Outrageous Behavior: How Employers Must Support Employees

Being spit on. Threatened verbally and physically. Given the “finger”.

Imagine going to work and being treated this way. It is happening on a daily basis; according to feedback from members who have employees who interact with the general public. Members of the general public in some communities are adamantly opposed to public health orders mandating face coverings and other practices to address Covid-19. Many are taking out their anger on employees who are told to advise patrons of their law and enforce that law, yet had no role in making that law. Employees face a no-win situation when confronting customers who choose to ignore the law. Employees are demoralized, stressed out and fearful for their safety.

The issue has become so problematic that the CDC has issued new guidance; essentially, advising employers to know the signs of potential escalating conflict, to de-escalate that conflict, and to train employees on how to escape interactions that become violent. Helpful tips that do not hold the force of law and the tips do not trump local health orders.

So what can employers do to support employees facing the rage and outrageous behavior of members of the general public?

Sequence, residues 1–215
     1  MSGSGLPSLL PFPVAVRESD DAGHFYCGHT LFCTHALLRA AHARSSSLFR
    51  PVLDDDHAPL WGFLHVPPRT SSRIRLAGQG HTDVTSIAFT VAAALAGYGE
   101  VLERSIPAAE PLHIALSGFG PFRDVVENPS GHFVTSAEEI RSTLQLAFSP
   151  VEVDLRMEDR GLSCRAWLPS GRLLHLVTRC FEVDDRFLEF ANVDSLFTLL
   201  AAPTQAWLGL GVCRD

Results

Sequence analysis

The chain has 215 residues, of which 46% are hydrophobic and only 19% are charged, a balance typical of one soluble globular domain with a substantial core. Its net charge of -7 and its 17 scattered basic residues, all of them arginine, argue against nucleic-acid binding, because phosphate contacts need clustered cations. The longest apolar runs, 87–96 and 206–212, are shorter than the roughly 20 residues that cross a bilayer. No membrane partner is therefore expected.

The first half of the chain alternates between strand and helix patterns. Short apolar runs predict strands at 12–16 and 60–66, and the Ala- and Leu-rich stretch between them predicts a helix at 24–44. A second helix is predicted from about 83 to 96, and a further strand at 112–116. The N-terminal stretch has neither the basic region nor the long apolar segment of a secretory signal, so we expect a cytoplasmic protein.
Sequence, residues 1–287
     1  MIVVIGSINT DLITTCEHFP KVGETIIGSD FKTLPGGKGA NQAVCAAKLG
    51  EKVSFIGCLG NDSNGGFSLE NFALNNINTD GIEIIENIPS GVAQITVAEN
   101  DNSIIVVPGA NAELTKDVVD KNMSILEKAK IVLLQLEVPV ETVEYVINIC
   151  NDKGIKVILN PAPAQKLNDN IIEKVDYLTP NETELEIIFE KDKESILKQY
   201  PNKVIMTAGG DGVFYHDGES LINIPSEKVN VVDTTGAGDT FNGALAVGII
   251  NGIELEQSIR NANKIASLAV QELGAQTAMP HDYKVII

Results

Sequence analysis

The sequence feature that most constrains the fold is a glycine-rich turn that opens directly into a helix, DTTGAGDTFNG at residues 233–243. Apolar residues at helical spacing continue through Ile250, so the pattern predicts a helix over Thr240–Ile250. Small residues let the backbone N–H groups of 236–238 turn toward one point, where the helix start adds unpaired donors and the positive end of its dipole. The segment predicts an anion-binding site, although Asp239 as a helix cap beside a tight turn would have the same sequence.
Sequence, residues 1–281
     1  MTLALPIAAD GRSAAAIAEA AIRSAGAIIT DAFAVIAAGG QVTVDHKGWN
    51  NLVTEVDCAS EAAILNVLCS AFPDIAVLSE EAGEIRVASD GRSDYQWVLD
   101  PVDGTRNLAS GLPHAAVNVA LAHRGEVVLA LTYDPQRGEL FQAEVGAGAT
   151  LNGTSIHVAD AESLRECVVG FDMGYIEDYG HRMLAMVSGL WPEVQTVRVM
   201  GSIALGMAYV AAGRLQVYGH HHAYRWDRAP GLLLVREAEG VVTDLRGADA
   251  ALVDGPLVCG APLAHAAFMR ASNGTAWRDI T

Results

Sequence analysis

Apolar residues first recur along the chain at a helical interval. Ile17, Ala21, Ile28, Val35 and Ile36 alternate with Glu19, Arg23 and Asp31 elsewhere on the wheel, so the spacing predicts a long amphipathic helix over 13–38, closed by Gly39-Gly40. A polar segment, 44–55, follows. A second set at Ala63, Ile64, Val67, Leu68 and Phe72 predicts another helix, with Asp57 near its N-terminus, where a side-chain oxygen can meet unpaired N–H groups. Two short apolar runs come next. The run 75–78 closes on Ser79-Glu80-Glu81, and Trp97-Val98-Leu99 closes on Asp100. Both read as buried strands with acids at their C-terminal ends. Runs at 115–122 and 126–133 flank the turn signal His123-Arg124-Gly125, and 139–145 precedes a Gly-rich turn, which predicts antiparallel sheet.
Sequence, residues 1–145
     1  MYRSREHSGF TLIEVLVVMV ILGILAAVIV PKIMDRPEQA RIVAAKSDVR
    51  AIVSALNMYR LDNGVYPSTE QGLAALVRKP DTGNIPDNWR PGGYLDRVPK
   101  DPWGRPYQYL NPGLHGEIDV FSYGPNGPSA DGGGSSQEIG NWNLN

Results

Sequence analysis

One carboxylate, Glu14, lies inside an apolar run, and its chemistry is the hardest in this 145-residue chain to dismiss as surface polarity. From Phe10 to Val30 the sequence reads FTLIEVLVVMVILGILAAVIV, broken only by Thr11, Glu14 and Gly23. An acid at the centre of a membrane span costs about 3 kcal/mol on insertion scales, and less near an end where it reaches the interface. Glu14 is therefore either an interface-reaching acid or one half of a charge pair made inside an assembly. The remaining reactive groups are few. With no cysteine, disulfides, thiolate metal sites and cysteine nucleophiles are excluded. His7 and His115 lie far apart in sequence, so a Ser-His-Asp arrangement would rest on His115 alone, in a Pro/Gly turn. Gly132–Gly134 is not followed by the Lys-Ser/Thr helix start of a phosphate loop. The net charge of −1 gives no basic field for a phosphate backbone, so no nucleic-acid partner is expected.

From a workplace safety perspective, employers must take reasonable measures to protect the safety of employees. As such, threats or acts of violence cannot be ignored; a heightened security presence may be necessary. Signs and posters should be posted to inform the public of required safety protocols. Refusing entry and expulsion of offenders may be appropriate. Installation of cameras to record behaviors and gather information to share with law enforcement may be necessary.

To address employee morale, employers must take prompt actions such as:

  • Ask and listen: Ask employees what they are facing and to describe what they need.
  • Seek expertise: distress and emotional stress is likely beyond the expertise for an employer to manage, so seeking external assistance is essential.
  • Training: employees may need new skills to handle conflict, including de-escalation and employer policies for seeking help, reporting, and safety escape plans.
  • EAPs: on-demand benefits to support employees seeking professional emotional counseling.
  • Group counseling: groups of employees can benefit from sessions facilitated by a professional counselor.
  • Time off: employees should take vacation time to rest and recover; perhaps offer extra “combat” time off to acknowledge the trauma employees experience.
  • Re-positioning: employees who are really struggling can be re-positioned to a different position altogether or a special project.
  • Rotation: move employees around so they have a break from dealing with the general public.
  • Security: employers can revisit budgets to reallocate funds to enhance security efforts.

Employers Council has expertise, resources, and services to help employers support their employees in these difficult times. Reach out today for help.